FIRE Prowess Gauge – Chain Gang No 2

Fire Prowess Gauge

Today’s post is my second that forms part of a chain of linked posts by finance bloggers on both sides of the Atlantic. It’s about the FIRE Prowess Gauge.

Chain Gangs

Regular readers may recall that I joined my first Chain Gang about six weeks ago.

I thought it was a great idea that we should repeat regularly.

  • At first it didn’t look like it would happen, but now a couple of the same people have started another one.

This one is about calculating your FIRE Prowess Gauge.

FIRE Prowess Gauge

The idea behind the FIRE Prowess Gauge (FPG) is that it’s another way of working out whether you are on track to reach Financial Independence / Early Retirement (FIRE).

  • The most common way of approaching this is the savings rate, which we talked about here.

We also came up with a spreadsheet which calculates the savings rate you need using the most common ways of saving for retirement in the UK.

So the FPG is an alternative to – or complement to – the Savings Rate.

The FPG was invented by JW over at The Green Swan – there’s a link to his post (and all the others in the chain) at the bottom of this article.

It compares your earned income (gross – before taxes) over a given period (we’ll start with a year) to how much wealth you’ve created in the same period.

  • So if you earned £25K in 2016 and your net worth increased by £15K, you would have an FPG of 60%.

As well as an annual number for the FPG, the bloggers already in the chain have looked at rolling five-year periods, and a “lifetime” score for the entire period for which they have income and net worth data.

Scoring the FPG

There’s a scoring chart for the FPG to give you an idea of how well you are doing.

  • It works better against the rolling five-year average FPG.

If your 5-yr FPG is:

  • Less than zero – you’re getting further away from FIRE
    • Either you’re spending more than you earn, or you just had a bad year in the markets
  • 0% to 25% – you know about retirement, but you aren’t really on track to retire early
  • 25% to 50% – you’re on track to FIRE
  • 50% to 100% – you’re closing in on FIRE
  • more than 100%

Note that if your lifetime FPG is more than 100% then your net worth is higher than your lifetime earnings, which is a great but difficult milestone to reach.

My data

Although the calculation of FPG is simple in itself, you do need access to reliable historical data for:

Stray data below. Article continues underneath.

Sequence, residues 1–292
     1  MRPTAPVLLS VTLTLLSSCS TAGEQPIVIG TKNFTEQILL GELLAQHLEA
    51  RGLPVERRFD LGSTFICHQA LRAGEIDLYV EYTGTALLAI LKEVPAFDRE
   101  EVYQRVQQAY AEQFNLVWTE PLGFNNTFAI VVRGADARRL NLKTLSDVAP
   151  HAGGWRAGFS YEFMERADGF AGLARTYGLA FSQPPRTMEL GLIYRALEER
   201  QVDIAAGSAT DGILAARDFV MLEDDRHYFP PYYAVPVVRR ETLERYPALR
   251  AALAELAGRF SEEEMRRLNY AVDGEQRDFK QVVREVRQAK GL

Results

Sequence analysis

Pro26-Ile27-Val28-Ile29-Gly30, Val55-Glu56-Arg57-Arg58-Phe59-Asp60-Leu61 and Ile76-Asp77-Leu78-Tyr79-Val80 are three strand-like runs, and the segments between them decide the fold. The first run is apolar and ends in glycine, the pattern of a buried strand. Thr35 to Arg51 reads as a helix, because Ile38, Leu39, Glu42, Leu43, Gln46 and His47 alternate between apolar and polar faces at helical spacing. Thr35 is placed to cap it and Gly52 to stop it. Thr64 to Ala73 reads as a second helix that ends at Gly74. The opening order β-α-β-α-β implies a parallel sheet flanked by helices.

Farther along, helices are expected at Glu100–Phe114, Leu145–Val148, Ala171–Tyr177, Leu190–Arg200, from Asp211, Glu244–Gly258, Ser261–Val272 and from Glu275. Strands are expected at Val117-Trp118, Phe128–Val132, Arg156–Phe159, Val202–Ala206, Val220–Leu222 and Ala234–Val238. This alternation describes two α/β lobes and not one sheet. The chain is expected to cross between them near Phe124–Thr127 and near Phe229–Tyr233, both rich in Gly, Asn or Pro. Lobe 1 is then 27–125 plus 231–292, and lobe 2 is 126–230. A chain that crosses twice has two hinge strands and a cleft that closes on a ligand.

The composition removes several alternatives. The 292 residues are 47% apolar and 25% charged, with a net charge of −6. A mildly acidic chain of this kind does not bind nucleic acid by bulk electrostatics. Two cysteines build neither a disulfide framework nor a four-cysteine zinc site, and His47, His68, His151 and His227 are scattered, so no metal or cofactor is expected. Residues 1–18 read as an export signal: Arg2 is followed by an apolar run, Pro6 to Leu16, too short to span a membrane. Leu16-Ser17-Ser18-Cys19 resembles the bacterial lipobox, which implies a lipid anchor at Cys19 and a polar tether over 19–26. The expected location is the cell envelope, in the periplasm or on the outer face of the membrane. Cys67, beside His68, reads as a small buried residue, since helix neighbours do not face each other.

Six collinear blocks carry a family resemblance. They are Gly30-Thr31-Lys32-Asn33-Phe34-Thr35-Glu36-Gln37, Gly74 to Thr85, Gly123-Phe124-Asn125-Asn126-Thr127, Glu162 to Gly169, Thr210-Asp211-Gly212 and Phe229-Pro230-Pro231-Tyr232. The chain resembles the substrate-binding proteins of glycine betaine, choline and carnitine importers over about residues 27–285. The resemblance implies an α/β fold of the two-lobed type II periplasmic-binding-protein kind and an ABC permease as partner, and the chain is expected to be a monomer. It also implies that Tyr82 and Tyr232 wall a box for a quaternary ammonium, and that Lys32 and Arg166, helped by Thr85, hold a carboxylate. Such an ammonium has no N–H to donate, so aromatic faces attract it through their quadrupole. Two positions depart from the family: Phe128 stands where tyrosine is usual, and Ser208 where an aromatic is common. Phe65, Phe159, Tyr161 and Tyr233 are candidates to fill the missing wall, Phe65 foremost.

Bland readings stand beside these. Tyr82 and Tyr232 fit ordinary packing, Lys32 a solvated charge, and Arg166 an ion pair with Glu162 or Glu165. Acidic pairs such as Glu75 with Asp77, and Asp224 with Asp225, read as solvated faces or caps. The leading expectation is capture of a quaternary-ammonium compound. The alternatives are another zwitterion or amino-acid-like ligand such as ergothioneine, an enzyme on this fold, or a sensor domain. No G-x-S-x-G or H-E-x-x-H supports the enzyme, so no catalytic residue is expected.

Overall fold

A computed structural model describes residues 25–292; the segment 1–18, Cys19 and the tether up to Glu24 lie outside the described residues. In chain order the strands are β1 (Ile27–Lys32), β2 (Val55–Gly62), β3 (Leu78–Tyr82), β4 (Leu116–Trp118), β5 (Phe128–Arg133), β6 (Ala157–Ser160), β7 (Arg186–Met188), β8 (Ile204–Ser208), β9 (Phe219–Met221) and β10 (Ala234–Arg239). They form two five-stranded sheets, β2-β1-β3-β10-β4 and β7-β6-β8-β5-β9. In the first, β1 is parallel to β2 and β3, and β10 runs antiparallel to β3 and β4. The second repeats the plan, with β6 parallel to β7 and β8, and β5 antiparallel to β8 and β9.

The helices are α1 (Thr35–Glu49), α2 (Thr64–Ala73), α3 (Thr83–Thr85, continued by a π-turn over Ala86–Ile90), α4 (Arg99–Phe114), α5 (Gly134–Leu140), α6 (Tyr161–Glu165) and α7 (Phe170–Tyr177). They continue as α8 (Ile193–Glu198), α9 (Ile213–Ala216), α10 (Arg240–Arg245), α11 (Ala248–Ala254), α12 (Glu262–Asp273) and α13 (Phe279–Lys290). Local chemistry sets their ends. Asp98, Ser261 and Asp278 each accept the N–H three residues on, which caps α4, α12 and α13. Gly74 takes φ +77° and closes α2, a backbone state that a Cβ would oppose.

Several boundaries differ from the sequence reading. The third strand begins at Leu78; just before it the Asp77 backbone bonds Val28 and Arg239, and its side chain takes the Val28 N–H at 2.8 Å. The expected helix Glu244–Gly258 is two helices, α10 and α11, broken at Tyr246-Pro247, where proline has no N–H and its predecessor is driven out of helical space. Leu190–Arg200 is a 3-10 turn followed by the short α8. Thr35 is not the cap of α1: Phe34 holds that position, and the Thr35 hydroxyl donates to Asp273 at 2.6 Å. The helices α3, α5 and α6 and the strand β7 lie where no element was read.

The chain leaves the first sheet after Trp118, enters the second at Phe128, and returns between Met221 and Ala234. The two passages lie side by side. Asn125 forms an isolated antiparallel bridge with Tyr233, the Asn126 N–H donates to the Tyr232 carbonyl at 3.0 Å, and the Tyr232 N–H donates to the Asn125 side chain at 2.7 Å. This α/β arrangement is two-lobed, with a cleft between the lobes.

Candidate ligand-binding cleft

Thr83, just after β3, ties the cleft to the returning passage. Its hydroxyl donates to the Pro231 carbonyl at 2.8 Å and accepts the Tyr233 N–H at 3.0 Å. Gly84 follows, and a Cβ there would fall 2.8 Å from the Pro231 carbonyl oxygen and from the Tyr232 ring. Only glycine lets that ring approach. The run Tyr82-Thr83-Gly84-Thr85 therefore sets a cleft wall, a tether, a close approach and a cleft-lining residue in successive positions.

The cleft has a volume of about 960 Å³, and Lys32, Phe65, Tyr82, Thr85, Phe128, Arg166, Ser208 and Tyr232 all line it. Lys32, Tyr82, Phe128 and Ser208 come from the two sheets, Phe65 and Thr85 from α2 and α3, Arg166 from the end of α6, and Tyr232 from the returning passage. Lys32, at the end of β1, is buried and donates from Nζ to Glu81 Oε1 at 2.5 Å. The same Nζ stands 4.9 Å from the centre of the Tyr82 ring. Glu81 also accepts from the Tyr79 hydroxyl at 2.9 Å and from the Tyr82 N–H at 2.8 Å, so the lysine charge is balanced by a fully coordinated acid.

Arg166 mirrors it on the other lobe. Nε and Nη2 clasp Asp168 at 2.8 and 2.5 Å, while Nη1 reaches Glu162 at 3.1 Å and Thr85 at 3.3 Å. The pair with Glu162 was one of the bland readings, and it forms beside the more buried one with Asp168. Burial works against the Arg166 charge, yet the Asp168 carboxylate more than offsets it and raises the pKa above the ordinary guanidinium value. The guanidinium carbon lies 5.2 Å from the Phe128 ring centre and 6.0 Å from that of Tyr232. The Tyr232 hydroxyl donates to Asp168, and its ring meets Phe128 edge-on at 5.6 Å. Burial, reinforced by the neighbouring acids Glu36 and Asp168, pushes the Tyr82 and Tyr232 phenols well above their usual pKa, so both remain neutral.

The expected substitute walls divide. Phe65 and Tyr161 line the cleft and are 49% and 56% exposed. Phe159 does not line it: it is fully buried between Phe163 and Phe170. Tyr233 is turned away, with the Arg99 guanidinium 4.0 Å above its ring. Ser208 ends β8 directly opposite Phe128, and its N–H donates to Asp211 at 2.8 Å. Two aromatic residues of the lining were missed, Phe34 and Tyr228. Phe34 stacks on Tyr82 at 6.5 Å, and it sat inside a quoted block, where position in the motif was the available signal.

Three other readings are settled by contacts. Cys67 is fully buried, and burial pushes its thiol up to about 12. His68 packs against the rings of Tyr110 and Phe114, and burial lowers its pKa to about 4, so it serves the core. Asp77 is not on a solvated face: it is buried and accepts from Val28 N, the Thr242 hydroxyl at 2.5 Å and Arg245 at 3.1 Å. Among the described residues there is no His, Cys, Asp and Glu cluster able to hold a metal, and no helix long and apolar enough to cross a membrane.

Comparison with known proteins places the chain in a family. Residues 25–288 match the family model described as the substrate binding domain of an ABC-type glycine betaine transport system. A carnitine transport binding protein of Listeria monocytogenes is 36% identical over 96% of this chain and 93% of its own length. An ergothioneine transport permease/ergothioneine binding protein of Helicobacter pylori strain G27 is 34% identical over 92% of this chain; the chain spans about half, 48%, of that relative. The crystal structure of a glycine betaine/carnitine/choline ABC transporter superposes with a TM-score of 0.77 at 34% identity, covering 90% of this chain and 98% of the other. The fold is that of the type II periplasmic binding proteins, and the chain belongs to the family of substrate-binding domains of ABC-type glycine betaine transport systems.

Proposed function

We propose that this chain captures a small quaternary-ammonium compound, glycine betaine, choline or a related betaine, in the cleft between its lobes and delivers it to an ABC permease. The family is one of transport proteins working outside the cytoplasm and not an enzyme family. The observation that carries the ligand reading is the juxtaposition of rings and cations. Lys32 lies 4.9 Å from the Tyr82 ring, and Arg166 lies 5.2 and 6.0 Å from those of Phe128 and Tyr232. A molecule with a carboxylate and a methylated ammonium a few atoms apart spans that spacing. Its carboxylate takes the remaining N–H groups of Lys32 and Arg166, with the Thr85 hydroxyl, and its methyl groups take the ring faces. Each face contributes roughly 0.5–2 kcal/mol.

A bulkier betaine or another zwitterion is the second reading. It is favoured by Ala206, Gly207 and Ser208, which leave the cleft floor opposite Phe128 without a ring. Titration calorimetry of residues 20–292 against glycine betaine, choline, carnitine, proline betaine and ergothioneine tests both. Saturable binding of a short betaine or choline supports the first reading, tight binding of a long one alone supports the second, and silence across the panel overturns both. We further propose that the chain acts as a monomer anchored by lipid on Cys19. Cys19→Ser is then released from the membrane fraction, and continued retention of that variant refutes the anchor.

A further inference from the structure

1. your net worth
  2. your earnings

I started recording my net worth accurately at the end of 2006.

There were a couple of reasons for this:

  1. I had reached the age of 45, and was keen to retire before I hit 55 (I was becoming increasingly unhappy at work, and wanted to get out)
  2. The tax rules changed here in the UK, making it significantly easier to build up a decent pension pot

I saw the opportunity and wanted to get planning.

For most people, the earnings part can be taken from your P60 (annual earnings certificate) or from your tax return.

  • But how many of those do you have filed away?

By coincidence (or perhaps not) I have electronic versions of my (our, since my calculation will also include my other half, OH) tax returns back to 2006.

  • It’s quite likely that I have paper copies of returns for earlier years in a box in the loft, but I’m not sure exactly where.

So it’s 2006 as the starting point for me.

But my case, there are some complications.

What counts as earned income?

If you’re employed, this bit is easy – it’s what it says on your payslip.

  • Or is it? Your employer is probably making contributions on your behalf to a workplace pension, and those are really part of your earned income, too.
  • For all I know, these contributions are now shown on your payslip – I haven’t been employed in the regular sense since 1995, and the pensions those days were all DB, with no formal contributions, just promises.
See also:  Annual Portfolio Review 2021

Anyway, since 2006 OH and I have been working through our own company.

  • So I need to add in pension contributions.
  • And dividends that we’ve taken from the company.

The other thing I need to add in is inheritance.

  • My Dad died in 2009 and I got some money.
  • A few years later, I got a half share in his house.

This is not earned income, but it has the same effect of increasing my net worth without any investing savvy on my part.

There are also some things that I won’t include as earned income:

  1. Rental income (my sister and I rent the house to a housing association) – it’s peanuts anyway, but I see this as interest on my investment in the house.
    • Any other investment income (eg. dividends from shares) would be treated the same way.
  2. Endowment policy maturities – this is the return of investment cash.
  3. Pension withdrawals – I turned 55 in 2015 and started taking money from my plans in 2016.

One more wrinkle: the timing of net worth valuation periods and tax returns doesn’t line up in the UK.

  • The tax year runs from April to March. (( Technically from 6th April to 5th April, but let’s keep thing simple ))